Worldwide forestry monitoring just latest in suite of forestry products
CORK, Ireland – Treemetrics, founded with the idea of using laser scan data to more accurately count and catalog forests around the world, has landed this week a $1 million deal with the European Space Agency to use satellite data in combination with their proprietary software and terrestrial laser scanning to monitor forests the world over.
“It will allow forest owners to do forest monitoring from the comfort of their homes and offices,” said Treemetrics CEO Enda Keane. Called SatForest 3D, the new product will make it “so they can do their own analysis,” he said, “and they don’t need a complex GIS system. It can just be done with our software as a service online.”
The new product is an extension of the core and initial offering, Autostem Forest, which allows any forest owner around the world to upload scan data and get back the ability to interrogate their trees, figuring out what the individual trees are worth. After some fits and starts (we last checked in with them in February of last year), the process is starting to become accepted and valued by what’s a very conservative industry Keane said.
“We’re becoming a kind of data exchange,” said Keane. “The grower scans the forest, and the data is sent to us, and we process it. Then we make it available in the Forest Warehouse, where they get a 3D viewer and they can color code the logs and cut the trees and forest and plots in many different ways and figure out what the best way to optimize the lot is. So, instead of driving around the country, they can just sit there and select the different prices and logs and it’s a valuation tool. Forest owners can now help their buyers better map the timber and they cut out the costs of timber appraisal.”
A few months ago they added onto that another product, which is a real-time tracking of the harvesting machine. Every log that’s cut is fed back with GPS into the web application, and you can track the tree harvesting in real time.
But it all starts with the laser scanner, Keane said.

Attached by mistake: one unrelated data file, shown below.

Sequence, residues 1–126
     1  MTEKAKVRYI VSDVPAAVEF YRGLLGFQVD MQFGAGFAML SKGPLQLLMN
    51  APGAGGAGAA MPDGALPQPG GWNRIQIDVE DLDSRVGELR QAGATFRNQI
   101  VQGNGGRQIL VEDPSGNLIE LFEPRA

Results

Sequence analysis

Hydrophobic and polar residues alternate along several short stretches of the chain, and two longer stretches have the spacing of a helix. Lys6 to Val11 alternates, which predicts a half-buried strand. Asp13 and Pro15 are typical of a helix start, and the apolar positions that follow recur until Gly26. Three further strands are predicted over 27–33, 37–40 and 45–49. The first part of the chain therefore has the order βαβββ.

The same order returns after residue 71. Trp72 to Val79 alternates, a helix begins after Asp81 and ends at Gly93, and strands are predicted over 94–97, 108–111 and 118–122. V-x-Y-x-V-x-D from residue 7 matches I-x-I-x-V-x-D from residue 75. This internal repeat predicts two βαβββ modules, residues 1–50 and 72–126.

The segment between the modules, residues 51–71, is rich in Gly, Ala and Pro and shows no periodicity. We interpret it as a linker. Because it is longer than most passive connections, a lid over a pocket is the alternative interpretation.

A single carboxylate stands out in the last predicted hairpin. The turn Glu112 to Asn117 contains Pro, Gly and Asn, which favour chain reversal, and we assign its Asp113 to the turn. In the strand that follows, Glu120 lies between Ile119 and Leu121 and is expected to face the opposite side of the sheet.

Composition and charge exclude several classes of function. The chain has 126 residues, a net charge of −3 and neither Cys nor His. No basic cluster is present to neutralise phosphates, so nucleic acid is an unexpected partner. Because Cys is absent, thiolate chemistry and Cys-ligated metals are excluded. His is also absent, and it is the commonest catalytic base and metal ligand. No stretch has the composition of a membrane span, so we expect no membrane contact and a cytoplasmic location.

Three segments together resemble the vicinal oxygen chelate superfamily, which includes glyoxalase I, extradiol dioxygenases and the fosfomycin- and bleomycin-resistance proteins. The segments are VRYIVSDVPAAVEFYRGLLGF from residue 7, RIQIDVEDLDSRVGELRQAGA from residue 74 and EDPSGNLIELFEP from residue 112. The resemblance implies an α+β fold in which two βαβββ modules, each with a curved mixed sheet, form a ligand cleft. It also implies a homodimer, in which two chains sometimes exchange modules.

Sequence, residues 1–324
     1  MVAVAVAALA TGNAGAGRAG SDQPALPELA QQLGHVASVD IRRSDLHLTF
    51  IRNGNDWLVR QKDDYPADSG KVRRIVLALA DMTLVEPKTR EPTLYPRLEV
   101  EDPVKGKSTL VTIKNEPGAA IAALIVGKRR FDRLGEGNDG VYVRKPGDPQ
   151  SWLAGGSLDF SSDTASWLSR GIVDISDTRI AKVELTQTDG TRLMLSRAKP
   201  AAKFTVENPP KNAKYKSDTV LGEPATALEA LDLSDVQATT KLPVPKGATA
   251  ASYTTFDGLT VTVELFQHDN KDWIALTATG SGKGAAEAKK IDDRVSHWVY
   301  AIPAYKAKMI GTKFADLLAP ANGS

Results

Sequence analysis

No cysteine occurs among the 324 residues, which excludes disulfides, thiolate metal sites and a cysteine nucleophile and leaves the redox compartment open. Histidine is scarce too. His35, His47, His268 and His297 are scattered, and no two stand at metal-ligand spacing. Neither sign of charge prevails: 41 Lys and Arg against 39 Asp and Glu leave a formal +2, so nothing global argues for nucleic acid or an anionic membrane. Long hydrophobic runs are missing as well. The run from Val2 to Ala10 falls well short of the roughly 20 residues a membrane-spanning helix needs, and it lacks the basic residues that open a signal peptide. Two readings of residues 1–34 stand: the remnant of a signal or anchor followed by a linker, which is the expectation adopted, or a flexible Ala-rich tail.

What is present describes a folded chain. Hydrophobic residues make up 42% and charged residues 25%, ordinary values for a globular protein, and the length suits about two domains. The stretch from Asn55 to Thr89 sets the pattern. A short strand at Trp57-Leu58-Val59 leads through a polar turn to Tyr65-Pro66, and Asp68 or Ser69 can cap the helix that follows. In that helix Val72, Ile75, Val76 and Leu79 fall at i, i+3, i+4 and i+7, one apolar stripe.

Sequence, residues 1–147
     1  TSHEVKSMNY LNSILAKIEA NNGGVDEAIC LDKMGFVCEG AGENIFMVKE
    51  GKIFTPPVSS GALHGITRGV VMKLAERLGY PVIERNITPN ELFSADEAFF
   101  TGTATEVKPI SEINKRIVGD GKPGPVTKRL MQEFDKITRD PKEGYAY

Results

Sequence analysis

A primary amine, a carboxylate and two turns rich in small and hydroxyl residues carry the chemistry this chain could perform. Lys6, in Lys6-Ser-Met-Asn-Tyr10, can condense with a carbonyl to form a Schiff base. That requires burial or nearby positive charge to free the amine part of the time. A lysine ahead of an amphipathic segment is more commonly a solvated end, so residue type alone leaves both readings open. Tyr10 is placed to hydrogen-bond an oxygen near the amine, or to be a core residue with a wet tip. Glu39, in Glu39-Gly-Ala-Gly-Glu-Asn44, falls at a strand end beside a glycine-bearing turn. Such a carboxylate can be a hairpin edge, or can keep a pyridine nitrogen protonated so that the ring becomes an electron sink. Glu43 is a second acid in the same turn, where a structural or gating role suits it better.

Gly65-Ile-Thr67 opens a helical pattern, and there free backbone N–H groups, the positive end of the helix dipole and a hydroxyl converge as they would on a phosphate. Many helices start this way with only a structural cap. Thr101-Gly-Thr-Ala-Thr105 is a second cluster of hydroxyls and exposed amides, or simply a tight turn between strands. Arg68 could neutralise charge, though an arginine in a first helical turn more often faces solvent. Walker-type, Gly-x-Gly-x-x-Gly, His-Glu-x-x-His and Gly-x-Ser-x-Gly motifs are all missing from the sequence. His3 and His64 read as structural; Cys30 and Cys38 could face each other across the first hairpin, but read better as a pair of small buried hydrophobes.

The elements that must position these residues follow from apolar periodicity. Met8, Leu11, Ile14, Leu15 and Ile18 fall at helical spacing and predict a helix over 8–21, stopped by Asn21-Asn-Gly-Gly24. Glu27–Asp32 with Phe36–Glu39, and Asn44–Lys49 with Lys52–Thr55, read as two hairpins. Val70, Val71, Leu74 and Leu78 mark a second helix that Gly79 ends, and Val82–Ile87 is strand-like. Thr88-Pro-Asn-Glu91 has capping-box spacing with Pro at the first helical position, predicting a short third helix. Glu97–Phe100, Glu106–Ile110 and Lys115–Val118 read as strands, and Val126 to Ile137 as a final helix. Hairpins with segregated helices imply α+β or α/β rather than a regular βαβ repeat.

“The laser scanner is a beautiful piece of kit,” he said. “It’s just incredible data. And the foresters are able to work with the raw data so quickly, so easily. They’ve been using the same tools for a hundred years, so you really have to convince them to put that tool down.” He said the simplicity of the scanner, and the fact that all the trees are georeferenced, makes the data trusted and independent of any opinion, which has been a bane of the industry for years.
“It used to be,” Keane said, “a forest owner in Helsinki, his plot might be 400 km away, and he has to trust a local person to measure that forest,” who’s using calipers and then his eye. “A forester on the ground would say that because of the straightness of the tree he thinks it’s worth a certain amount, but now it’s totally independent and that’s what distinguishes us. It’s a machine that can be audited and trusted.”
Right now, Treemetrics is suggesting that forest owners reach out to local surveyors and engineering firms to collect the data for them, but Keane thinks the scanners will start to be worthwhile investments outright for most forest owners.
“I don’t think scanner manufacturers realize the scale of the market that we’re creating with terrestrial sensors,” Keane said. “It’s a massive, massive industry, a multi-billion-dollar industry. It’s only a matter of time before 3d scanners really become the standard in how forests are measured and utilized.”
“We’ve been in deep R&D and it’s roll out time,” he continued, expanding on his message to the 3D data capture industry, “and we’re going to come calling about doing business together and we think we’ve created a huge opportunity for the scanning community. We’re still alive, and we’re not crazy, and we can make a big impact on the global forest industry.”